UPDATE: The Falls City Council has passed an anti-hate resolution.
Mayor Paul TenHaken brought the resolution to the council after several reported incidents of racism around the city.
The council unanimously approved the resolution in its Tuesday night meeting.
The City of Sioux Falls is putting its foot down when it comes to hate. There's a newly proposed anti-hate resolution city council will be taking up tonight.
Three months ago, a group of Sioux Falls citizens shared their concerns with city officials about what they believed to be hate happening in their neighborhood.
Citizens in McKennan Park are concerned about KKK flyers they found in their neighborhood. So, Taneeza Islam and her organization South Dakota Voices for Justice brought them to city council.
Concerned neighbors shared their own experiences they've had with hate.
"We had a Jewish member of the community speak about what it means to see a swastika in our community. We had residents show the KKK flyers,” said Islam.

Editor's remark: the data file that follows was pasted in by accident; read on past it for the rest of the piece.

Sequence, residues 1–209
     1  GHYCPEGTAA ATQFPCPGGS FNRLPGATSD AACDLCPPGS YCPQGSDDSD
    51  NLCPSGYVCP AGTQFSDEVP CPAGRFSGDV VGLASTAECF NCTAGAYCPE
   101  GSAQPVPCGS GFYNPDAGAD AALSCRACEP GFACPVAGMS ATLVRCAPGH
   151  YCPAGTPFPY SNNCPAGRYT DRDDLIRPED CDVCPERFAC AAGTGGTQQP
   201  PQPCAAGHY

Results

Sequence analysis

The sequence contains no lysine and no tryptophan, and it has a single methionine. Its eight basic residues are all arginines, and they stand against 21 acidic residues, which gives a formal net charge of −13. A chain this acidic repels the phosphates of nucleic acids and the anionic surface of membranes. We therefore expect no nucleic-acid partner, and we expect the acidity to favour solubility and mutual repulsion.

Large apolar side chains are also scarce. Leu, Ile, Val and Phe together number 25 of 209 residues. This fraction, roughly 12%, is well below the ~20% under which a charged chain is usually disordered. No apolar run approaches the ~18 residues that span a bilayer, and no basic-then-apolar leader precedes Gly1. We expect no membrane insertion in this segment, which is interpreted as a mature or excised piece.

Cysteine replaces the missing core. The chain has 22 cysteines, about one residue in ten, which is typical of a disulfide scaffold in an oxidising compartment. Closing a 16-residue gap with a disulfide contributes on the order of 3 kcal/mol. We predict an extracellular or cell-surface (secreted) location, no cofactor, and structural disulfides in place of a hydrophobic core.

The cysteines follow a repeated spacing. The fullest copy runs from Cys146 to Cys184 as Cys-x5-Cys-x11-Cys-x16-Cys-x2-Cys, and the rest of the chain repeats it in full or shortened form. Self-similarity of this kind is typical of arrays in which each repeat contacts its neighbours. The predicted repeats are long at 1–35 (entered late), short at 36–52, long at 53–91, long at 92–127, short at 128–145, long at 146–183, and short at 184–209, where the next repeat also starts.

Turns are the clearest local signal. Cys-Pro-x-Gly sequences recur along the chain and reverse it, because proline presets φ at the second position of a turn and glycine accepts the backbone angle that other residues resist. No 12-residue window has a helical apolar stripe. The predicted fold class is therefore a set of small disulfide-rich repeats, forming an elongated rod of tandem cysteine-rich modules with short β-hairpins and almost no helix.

Julian Beaudion has also spoken up against hate as he's experienced discrimination.
"Being a black man in America and growing up in the south, I've experienced racism on a daily basis," said Beaudion.
It was after hearing stories like these that the Human Relations Commission decided to craft an anti-hate resolution. Its goal is to show that the city of Sioux Falls is taking a strong stance against hate, bias, and discrimination. Also, that hate groups like the KKK are not welcome in the city.
"Historically it stands for hate, historically it stands for racism, stands for violence and it stands for murder,” said Alex Ramirez, Chair of Human Relations Commission.
This resolution also reminds folks of ways they can report discrimination they may encounter. The city's hope is that the resolution will help keep hate from escalating.
"We have seen a lot of hate, but we haven't seen a whole lot of crime yet and we don't want to get to that point and so I am also working with them to set up some classes and some events that will sort of inform people on what to do and how to fight against it,” said Ramirez.
Anti-hate advocates say this is just the start of making a change in Sioux Falls.
If City councilors adopt this anti-hate resolution Tuesday, January 14th, the Human Relations Commission will have the power to investigate some of these acts of hate like the KKK flyers and figure out where they are coming from.